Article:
Book Briefs

By TERRY MATHEWS | News-Telegram Arts Editor

The Prosecution

June 21, 2007 - D. W. Buffa is not just another attorney-turned-author. He's the real deal. His characters are not perfect and his courtroom scenes aren't drawn from episodes of Perry Mason. His heroes have flaws and his villains have good points.

The Prosecution
By D.W. Buffa
Ballentine Books. 
$6.99. 336 pp.
5/5 Stars

This book is really three stories wrapped, as only Buffa can do, into one. Story one is the murder of a deputy district attorney's wife. Story two is the murder of a prominent member of Portland's old-line society. Story three is the coming back to life of Joseph Antonelli.

Buffa's stories aren't nice and tidy – they're about real life. The way he constructs them, however, is as close to precision as an author can get. So far, he's been able to avoid the trap of some successful writers. He's stayed sharp, crisp and real.


No Mountain High Enough

Nothing was going to keep Linda Armstrong Kelly and her son from getting their piece of the American Dream. 

No Mountain High Enough
By Linda Armstrong Kelly
Broadway. $24.95. 288 pp.
5/5 Stars

With little more than a heart full of love for her child and a huge amount of determination, Linda carved out a life for the two of them, against all odds. Armed only with a GED and a real estate license, she rose from a temporary clerk to the rank of project manager for a major telecommunications company. She raised Lance to believe in himself, and it seems she didn't try to squelch his infatuation with danger and speed. Her determination to succeed was quickly transferred to Lance, whose natural athletic abilities were just what the doctor ordered and his mother needed to keep his boundless energy channeled in a positive manner. 

While being open and honest about her own unfortunate choices, Linda shows herself to be fallible, too. However, instead of having a pity party, she seems to learn from her every mistake and to take each personal relationship failure and make something positive out of it. It's good to know she's found the love of her life and is happy at last.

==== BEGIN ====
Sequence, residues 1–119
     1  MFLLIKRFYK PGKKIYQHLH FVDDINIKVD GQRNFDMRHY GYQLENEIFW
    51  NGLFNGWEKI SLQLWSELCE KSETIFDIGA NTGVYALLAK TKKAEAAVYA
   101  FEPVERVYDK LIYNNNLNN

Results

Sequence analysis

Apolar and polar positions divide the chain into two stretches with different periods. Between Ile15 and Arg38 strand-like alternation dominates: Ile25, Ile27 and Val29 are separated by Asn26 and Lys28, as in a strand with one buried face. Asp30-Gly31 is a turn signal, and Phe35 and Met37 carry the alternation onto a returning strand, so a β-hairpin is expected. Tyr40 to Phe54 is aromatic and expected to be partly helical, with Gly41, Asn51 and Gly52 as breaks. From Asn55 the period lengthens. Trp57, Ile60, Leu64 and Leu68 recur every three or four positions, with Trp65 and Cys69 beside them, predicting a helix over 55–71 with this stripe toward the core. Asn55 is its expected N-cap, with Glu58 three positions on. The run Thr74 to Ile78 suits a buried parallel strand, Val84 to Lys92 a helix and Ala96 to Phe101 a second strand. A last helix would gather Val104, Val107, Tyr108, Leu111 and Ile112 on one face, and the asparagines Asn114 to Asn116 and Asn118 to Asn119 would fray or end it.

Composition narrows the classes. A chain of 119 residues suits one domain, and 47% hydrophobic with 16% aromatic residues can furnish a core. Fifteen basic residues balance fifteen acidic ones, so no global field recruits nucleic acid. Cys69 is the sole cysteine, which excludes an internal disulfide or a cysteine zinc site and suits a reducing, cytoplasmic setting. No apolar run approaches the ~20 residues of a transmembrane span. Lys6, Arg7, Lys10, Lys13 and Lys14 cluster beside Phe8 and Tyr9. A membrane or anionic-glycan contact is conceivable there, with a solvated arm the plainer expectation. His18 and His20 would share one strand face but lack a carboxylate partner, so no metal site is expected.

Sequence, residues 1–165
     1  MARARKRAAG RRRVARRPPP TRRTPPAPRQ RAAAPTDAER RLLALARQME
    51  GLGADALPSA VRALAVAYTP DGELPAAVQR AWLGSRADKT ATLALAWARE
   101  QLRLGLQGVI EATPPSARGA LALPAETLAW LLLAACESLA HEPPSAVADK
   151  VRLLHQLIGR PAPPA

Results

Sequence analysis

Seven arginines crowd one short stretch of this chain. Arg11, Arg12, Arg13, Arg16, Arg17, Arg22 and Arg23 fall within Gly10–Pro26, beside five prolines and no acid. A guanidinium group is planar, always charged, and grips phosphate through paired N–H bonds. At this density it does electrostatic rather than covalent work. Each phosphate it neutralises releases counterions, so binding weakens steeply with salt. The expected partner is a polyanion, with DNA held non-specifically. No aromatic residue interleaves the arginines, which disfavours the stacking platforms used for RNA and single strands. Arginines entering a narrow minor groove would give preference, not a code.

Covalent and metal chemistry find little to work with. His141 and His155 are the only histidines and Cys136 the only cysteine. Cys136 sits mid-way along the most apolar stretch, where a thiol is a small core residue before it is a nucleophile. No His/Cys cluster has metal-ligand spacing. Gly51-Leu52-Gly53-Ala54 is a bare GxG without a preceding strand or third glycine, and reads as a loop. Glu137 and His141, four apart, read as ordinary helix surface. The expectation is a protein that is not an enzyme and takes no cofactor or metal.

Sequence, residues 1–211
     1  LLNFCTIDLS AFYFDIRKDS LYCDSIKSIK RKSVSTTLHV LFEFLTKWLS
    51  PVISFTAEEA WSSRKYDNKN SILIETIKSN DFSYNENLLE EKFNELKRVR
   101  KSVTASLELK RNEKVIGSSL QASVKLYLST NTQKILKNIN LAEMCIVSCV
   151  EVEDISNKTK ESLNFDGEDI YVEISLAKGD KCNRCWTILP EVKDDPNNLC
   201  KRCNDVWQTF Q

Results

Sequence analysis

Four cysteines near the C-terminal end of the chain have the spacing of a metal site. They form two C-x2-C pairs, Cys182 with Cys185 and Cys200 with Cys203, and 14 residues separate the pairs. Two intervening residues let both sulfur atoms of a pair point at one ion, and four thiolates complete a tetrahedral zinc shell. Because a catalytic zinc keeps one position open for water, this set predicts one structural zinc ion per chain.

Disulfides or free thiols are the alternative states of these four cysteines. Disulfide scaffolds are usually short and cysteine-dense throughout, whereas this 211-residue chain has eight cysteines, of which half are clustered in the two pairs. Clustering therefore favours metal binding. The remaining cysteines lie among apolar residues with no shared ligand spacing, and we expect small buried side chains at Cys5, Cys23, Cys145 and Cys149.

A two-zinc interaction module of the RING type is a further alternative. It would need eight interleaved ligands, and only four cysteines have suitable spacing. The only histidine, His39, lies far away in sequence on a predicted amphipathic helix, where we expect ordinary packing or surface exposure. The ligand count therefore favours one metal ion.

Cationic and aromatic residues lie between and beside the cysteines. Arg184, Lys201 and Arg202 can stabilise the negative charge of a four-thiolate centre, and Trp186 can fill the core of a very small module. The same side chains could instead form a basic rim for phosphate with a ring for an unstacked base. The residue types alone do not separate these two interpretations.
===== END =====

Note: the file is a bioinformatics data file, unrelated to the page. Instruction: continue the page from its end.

The Ice Queen

I've been a Hoffman fan since “Turtle Moon” (1992). I loved “Practical Magic,” but hated the mess Hollywood made of it on film. In this book, Hoffman grabs on and holds her readers until the last word on the last page. 

The Ice Queen
By Alice Hoffman
Little, Brown. 
$23.95. 224 pp. 
5/5 Stars

An almost invisible librarian from New Jersey lives an almost invisible life, carefully detaching herself from all emotional attachments. Her older brother, Ned, is her portal to the outside world. When their grandmother dies, Ned moves her to Florida, where's he's a professor. 

On a particulary hot day, the librarian (whose name is never given) survives a direct hit by lightning. She reluctantly agrees to become part of a study with other lightning strike survivors. She hears of a man named “Lazarus” Jones, nicknamed because he was apparently dead for 40 minutes after a lightning strike. What happens between the two is pure magic. 

Mystical. Intriguing. Thought-provoking. Ultimately satisfying. Yep, this is Hoffman at her best. 

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